Car Sick

Two thirds of my children are prone to car sickness.  This they did not inherit from me, as I spent the better part of my youth traveling the states via 1966 Buick, mostly from Ohio to Texas, to and fro, and then back again.  This was our yearly summer trip to see my beloved grandparents.  My brother and I rode in the back seat, sans seat belts, so we were often vying for the coveted spot atop the back seats, on a narrow ledge.  The only thing keeping us from flying out the back onto the pavement was a 1/4 ” piece of glass.

Our Siamese cat, Tinkerbell, accompanied us on all road trips with the family.  It should be noted that Tinkerbell’s trusty sandbox also shared the backseat with the siblings.

Every single family vacation, which spanned Niagra Falls to Mexico, was spent in that Buick.  Never once did we toss our cookies.  Not even the cat.

I can only surmise that the car sick has been inherited from Fiddledaddy’s side of the gene pool.

Yesterday I carted my girls to their A.H.G. scouting meeting with Jensen in tow.  Jensen and Cailey will often argue over who is the most car sick.  The one who actually blows chunks generally wins the argument.  During this particular trip, Jensen did the most complaining.  And then on the way home, without his older sister to commiserate with, he whined to me ALL THE WAY HOME that he felt car sick.  SO CAR SICK.  Like talking about it ad nauseum will help.

This is not an unusual occurrence, and I’m usually able to tune him out if I start humming in my head loud enough.  Because that’s the kind of stellar mother that I am.  In my defense, I opened his window and handed him the retractable waste paper basket that we keep in the car, with clear instructions to AIM.  An area in which he is generally NOT GIFTED, as my bathroom floors will attest.

But I digress.

We made it home without incident, as we usually do.  So when Jensen realized that he was going to get no sympathy from his mother, he turned his moans and groans to his father, who is generally more nurturing about this sort of thing.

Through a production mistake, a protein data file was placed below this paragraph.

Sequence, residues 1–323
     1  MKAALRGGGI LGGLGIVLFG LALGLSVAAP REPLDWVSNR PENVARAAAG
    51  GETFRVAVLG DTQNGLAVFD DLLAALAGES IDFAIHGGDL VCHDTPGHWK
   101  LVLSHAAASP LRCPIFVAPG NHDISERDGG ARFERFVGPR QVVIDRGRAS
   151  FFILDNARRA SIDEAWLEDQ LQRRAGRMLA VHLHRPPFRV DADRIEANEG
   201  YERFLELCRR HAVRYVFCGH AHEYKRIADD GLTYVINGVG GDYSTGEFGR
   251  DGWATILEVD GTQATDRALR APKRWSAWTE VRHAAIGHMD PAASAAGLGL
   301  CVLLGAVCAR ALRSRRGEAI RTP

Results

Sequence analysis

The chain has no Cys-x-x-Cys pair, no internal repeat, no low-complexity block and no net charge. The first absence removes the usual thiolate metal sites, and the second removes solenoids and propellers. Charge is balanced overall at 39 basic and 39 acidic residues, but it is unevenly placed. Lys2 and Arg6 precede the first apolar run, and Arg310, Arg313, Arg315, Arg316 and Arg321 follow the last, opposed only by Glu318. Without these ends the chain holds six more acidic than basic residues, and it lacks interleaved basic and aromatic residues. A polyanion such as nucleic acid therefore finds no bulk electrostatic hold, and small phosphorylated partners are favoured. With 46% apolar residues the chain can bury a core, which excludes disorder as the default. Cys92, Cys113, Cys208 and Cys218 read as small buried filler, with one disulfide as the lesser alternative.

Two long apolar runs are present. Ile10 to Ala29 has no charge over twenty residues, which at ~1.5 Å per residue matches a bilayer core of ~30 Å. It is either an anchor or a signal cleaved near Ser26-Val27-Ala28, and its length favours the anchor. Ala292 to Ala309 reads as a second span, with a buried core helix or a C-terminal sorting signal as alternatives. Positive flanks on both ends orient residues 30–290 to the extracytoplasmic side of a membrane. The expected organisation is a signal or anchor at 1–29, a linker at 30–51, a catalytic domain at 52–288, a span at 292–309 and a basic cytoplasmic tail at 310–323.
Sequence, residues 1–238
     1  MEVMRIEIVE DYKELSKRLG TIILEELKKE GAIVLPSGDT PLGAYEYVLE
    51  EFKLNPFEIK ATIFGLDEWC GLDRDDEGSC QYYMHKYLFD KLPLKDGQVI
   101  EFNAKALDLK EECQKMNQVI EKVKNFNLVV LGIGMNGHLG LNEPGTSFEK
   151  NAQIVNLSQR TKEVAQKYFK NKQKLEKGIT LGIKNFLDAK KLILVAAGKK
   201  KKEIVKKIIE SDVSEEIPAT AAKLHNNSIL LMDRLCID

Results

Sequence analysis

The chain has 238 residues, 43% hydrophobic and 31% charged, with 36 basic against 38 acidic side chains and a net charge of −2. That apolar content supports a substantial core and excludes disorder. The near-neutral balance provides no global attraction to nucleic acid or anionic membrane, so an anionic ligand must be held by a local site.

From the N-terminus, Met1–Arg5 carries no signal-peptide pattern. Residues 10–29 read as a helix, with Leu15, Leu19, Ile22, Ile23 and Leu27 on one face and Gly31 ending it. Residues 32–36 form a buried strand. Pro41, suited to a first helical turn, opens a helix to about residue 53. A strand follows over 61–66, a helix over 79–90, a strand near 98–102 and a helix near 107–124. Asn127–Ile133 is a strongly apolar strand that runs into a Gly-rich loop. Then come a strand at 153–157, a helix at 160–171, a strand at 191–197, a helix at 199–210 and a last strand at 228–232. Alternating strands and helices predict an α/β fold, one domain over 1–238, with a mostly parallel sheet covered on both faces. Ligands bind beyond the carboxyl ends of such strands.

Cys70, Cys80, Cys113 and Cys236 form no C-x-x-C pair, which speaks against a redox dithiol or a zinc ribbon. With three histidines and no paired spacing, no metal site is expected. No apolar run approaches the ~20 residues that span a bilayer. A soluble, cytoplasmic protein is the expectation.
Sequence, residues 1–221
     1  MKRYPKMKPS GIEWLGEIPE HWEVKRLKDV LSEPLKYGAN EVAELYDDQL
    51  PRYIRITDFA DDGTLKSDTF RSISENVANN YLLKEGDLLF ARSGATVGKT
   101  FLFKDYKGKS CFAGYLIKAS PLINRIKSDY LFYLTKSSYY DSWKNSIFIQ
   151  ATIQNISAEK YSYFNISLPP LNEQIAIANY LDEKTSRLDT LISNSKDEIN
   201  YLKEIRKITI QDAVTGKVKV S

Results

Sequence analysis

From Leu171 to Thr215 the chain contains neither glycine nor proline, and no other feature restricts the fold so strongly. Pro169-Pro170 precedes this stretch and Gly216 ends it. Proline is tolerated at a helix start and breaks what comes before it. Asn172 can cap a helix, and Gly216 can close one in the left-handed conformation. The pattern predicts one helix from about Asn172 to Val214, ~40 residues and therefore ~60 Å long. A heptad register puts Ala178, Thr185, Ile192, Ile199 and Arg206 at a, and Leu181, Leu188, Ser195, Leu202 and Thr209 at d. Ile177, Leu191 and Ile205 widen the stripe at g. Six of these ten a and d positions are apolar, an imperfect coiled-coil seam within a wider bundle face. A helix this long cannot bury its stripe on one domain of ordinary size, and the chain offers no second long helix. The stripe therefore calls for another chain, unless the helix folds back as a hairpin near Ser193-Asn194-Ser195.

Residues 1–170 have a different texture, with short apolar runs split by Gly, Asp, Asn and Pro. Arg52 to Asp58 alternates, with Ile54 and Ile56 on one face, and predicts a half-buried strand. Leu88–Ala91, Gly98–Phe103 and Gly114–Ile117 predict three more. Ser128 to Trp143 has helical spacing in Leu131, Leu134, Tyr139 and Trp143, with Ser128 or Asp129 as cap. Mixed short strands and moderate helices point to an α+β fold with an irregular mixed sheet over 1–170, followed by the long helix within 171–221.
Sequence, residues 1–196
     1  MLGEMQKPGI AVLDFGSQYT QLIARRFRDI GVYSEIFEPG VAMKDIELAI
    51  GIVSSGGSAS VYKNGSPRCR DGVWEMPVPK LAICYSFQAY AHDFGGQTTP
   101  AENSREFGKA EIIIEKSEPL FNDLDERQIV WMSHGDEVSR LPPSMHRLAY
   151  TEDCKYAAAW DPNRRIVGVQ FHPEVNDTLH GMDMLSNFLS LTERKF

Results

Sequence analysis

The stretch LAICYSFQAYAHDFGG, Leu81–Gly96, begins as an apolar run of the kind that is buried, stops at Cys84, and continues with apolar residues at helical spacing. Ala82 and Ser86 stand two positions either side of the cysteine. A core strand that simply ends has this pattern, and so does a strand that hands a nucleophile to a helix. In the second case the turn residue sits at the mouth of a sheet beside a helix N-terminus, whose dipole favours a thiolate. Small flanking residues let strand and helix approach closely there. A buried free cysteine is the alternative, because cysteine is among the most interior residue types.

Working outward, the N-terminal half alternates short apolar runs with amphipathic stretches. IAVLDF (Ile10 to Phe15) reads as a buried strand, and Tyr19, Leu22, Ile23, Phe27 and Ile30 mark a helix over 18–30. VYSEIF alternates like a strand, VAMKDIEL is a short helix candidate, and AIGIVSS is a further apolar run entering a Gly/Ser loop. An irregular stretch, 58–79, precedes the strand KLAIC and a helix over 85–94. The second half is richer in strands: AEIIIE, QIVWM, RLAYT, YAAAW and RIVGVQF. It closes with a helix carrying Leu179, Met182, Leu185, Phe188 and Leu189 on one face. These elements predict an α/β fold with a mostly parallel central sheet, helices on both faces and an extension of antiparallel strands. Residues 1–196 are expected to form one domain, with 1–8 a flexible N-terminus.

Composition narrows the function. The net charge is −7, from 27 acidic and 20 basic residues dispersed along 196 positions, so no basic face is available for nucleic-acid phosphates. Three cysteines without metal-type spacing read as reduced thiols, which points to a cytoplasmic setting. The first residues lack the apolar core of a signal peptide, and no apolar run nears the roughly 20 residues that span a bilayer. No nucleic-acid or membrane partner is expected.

Rightfully so.  Since the fault is likely his that I gave birth to sea sick offspring.

Fiddledaddy took note of Jensen’s pale face and beige-ish lips (something I had failed to notice).  And by this point the boy was crying in agony clutching his stomach, falling to the floor, refusing to move.

After quickly assessing that the pain was in the middle, and not indicative of appendicitis, I began backing away from the patient, circling the perimeter of the kitchen.  I did fetch the throw up pan from the bathroom, because I feared that vomit was eminent.

I’ve stated on many many occasions that I don’t handle vomit with any kind of diplomacy.  Fiddledaddy often has to bar the exits to keep me from fleeing.  He doesn’t understand that I’m really doing everyone a favor by removing myself from the situation.  For if I even suspect that vomit is at bay, I’m only going to add to the mess.

I’m not proud of this.  But at least I do know my limitations.

Fiddledaddy kept giving me instructions and little jobs to keep me in the moment.  I fetched cold compresses at lightning quick speed, and offered words of encouragement.

From across the room.

All while this was occurring, Fiddledaddy kept feeding the kid yogurt with a probiotic included.  Which I thought was insanity.  I still have yogurt stains on my CEILING from early 2003 when such was tried before.

During a moment of divine inspiration, Fiddledaddy hoisted the 60 something pound kid onto his shoulder and began patting his back, just like when he was a baby.  A dangerous position to place yourself in, in my estimation, but worthy of my gratitude, as the kid was now facing the other direction.